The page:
ASKING THE RIGHT QUESTIONS: Why Historians Can Be Usefully Irritating

By De Leon, David | Negro History Bulletin, July-December 1998 | Go to article overview

ASKING THE RIGHT QUESTIONS: Why Historians Can Be Usefully Irritating


De Leon, David, Negro History Bulletin


The book of Proverbs tells us that where there is no vision, the people perish.... What then is our vision here at Howard University? In my vision, Howard University is a comprehensive research university, unique and irreplaceable, defined by its core values, the excellence of al/of its activities -- its instruction, research and service, and by its enduring commitment to educating youth, African-Americans and other people of color in particular, for leadership and service to our nation and the global community.... The intellectual leaders of the ancient worlds of Africa and Greece had none of the resources as they are known today, and hardly any budget. But the great intellectuals of the past had the ability to think, and to think critically. And in doing so, they were able to pose the questions. They may not have had all of the answers, but the quest for the answers and the response to the questions themselves have fired our imaginations over a millennium.

Excerpt from convocation speech,
September 29, 1995,
H. Patrick Swygert,
President of Howard University

Honest history is often uncomfortable. People who have power want to be glorified, and everyday people want their assumptions to be sustained. "Critical thinking," even if endorsed in the abstract, usually implies that someone else should be criticized.

The teaching of history at Howard University, from its founding in 1867, has reflected both the hopes and the frustrations of African Americans. On the positive side, Howard has been praised as "the capstone" of black education, a mecca to the race, and a champion of democracy. On the negative side, it has been dismissed as the service academy of the black bourgeoisie, producing obsequious "house Negroes." While an official history of both the University and the history department probably would skip over contradictions involving such problems as sex discrimination, racial slights toward darker skinned students and faculty, elements of xenophobia, authoritarian administrations, and class snobbery, such a history would be incomplete or inaccurate, if not dishonest. One of the reasons why official histories are usually so tedious is that real life has been repressed in favor of "we're all one happy family." Yet, how many families are actually like that?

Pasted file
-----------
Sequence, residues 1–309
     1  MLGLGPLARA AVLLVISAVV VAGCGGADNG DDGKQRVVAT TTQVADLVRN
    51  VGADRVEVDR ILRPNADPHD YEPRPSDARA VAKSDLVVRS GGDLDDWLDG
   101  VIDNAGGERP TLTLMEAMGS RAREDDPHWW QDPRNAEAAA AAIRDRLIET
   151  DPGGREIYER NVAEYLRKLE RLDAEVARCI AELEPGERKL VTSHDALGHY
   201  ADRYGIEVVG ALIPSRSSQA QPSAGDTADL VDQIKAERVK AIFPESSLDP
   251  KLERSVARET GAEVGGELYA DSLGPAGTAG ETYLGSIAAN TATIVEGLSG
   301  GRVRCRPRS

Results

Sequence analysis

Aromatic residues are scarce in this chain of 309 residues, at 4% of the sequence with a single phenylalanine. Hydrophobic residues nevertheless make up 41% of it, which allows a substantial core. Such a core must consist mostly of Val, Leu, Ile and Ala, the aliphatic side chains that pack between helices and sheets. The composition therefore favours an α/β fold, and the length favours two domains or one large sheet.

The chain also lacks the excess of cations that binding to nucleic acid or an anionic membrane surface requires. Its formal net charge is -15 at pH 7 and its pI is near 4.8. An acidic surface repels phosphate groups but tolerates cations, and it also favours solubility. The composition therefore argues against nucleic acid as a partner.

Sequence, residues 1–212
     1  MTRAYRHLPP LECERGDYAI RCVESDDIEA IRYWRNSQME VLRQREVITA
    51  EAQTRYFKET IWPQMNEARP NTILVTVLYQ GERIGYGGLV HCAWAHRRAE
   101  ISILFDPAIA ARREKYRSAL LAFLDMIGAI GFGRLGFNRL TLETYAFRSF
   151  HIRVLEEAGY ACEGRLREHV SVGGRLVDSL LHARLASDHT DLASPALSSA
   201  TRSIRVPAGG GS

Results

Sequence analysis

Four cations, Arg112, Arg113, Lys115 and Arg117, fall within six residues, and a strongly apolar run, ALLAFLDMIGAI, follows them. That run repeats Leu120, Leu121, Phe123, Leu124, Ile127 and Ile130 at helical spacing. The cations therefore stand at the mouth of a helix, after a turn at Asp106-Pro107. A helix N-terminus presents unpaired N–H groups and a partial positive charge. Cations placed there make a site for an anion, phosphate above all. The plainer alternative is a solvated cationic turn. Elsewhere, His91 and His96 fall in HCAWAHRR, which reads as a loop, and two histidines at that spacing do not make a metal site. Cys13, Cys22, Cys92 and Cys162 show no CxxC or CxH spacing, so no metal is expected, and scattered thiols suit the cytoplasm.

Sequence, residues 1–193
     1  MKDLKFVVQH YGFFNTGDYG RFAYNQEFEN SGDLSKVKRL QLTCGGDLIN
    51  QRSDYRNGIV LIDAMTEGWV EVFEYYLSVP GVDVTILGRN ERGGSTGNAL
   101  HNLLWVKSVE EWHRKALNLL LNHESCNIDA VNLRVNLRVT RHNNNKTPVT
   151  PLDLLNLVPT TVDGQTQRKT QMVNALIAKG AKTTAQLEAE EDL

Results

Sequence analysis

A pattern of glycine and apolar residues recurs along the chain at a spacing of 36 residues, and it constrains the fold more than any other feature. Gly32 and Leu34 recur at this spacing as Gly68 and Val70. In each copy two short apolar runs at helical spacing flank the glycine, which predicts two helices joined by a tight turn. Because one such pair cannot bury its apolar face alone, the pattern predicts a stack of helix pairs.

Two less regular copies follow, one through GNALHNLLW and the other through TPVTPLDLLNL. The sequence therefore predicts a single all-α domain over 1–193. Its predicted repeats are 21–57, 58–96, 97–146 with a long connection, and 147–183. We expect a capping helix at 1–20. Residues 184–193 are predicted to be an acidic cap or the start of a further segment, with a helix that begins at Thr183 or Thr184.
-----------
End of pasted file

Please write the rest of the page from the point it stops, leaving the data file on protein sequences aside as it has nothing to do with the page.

During the earliest decades of Howard University, there were no separate history courses. This was typical of an educational system that focused on the Greek and Roman classics, both for knowledge and for the discipline or character that they were supposed to instill. History was absorbed, therefore, through the study of such authors as Cicero, Homer, Virgil, and Tacitus. This may seem very conservative today, but the main alternative was "industrial education." The founders of Howard regarded the classical curriculum, as found in New England colleges, to be the highest educational standard. They were determined to prove black intellectual potential by meeting that standard, and leaders as diverse as Frederick Douglass and Alexander Crummell did not challenge this goal. It was not until 1882 that the first separate history course was taught at Howard by a Presbyterian minister in an English curriculum that prepared students for the study of literature.

By the 1870s and 1880s, another model of education began to emerge that was based on the German emphasis on specialized research in original documents, student-faculty discussions in seminars, and allegedly objective publications. The change was slow. In 1884, when forty-one white Protestant males founded the American Historical Association, there were only twenty-four full-time teachers of history in more than four hundred American colleges and universities. At Howard, one faculty member was expected to cover several subjects. In 1889, for example, the word "history" first appears in the title for Reverend Charles H. A. Bulkley, professor of English literature, history, rhetoric, logic and elocution. …

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